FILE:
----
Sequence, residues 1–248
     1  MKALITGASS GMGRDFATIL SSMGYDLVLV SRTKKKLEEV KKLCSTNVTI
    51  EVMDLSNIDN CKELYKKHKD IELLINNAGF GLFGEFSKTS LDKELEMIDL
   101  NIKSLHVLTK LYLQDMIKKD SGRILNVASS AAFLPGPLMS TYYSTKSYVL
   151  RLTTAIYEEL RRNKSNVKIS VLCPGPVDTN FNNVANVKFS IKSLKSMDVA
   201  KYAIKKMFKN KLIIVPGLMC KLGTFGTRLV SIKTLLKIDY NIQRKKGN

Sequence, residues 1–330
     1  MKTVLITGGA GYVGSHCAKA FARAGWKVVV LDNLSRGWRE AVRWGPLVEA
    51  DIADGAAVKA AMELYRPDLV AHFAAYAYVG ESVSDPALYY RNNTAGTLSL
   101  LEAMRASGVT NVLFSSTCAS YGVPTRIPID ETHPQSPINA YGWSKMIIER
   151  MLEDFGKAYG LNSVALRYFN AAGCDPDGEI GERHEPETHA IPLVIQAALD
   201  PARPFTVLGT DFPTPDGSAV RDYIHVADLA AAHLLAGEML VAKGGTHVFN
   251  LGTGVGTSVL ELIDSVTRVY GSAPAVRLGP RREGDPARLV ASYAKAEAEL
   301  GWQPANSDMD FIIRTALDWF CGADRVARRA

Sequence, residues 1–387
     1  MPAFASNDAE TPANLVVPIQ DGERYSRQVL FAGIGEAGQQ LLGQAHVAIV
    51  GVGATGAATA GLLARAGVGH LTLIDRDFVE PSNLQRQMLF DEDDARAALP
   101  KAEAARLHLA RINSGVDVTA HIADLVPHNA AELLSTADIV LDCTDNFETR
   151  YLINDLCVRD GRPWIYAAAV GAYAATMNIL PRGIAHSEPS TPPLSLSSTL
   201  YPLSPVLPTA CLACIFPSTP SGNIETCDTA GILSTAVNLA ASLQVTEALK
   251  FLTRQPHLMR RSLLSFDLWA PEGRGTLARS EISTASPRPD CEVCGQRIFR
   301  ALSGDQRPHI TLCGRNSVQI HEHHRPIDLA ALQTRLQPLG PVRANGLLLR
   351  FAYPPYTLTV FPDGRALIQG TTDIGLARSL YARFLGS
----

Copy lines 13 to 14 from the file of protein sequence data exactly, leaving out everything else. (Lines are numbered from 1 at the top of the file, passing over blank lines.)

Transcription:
   251  LGTGVGTSVL ELIDSVTRVY GSAPAVRLGP RREGDPARLV ASYAKAEAEL
   301  GWQPANSDMD FIIRTALDWF CGADRVARRA